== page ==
It's time for Philip Hammond to revisit Middle East relations
A country’s foreign policy is often, and rightly, seen as its window on and to the world; a microcosm of what a country is thinking and feeling at a given time. For large economically, politically, militarily, socially and culturally influential countries like the UK is this is especially important. Now the election is over, foreign policy must once gain take up a broad position at the heart of the UK policy nexus after some months with a low profile in public debate.
Over the years, what the UK has said and done in foreign policy terms has been hugely important and agenda setting both domestically and internationally and, as with any country, influences its economic success and social fabric. As a former US Vice President said, “foreign policy is really domestic policy with its hat on.” Yet it is often seen wrongly as a niche, complex and particular issue which has little role in public debate and in recent years has increasingly, around the world, been conducted on narrow and introspective lines.
Perhaps this is why, during the long UK election campaign which has just concluded with a majority victory for the Conservative Party, the number of times substantive foreign policy and international relations issues were mentioned can be counted on one hand. When foreign policy was mentioned it was more often than not an often vociferous and partisan debate around the UK’s membership of the EU or on narrow terms around immigration or Islamic extremism. As a result, the coverage and discussion of the UK election across the region and beyond was more muted than in previous years.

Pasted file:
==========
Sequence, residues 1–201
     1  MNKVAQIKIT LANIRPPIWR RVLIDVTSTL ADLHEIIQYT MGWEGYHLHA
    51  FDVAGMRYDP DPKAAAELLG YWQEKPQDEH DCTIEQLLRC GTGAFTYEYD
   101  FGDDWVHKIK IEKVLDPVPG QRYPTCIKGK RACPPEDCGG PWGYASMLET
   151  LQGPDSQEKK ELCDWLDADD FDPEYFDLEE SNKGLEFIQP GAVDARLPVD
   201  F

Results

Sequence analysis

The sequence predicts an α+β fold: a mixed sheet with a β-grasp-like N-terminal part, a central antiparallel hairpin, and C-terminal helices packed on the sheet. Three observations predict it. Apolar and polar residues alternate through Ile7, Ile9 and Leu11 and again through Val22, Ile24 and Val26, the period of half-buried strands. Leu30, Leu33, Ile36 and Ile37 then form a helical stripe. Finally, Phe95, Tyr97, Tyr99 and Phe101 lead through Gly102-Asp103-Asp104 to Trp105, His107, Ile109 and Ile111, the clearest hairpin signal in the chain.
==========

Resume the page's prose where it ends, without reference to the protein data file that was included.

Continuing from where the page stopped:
To some extent, this is of course understandable as UK elections are rarely won or lost on the basis of foreign policy with domestic social policy, especially in the context this year of a still recovering economy and broad public service reforms half completed. However, it is difficult to remember a time when foreign policy played such a small role in a domestic election, particularly at a time when the world is such an uncertain place and globalization is making our foreign relations with each other ever more important.
Now that the election is over and the new administration is taking place, there is the chance to re-position foreign policy centre stage on the UK’s policy agenda, ensuring it helps drive his “one nation” economic growth and reform agenda by showing the UK is open for business. The Prime Minister, David Cameron, was right to identify in 2010 the “global race” (in terms of the UK’s competiveness and need to export and trade widely) as one of the UK’s defining challenges. This is a strong and open approach to foreign policy which is hugely encouraging and will reap benefits across the world. It is especially important to us in the Middle East where we want to continue to engage with the UK on as a wide parameter as possible.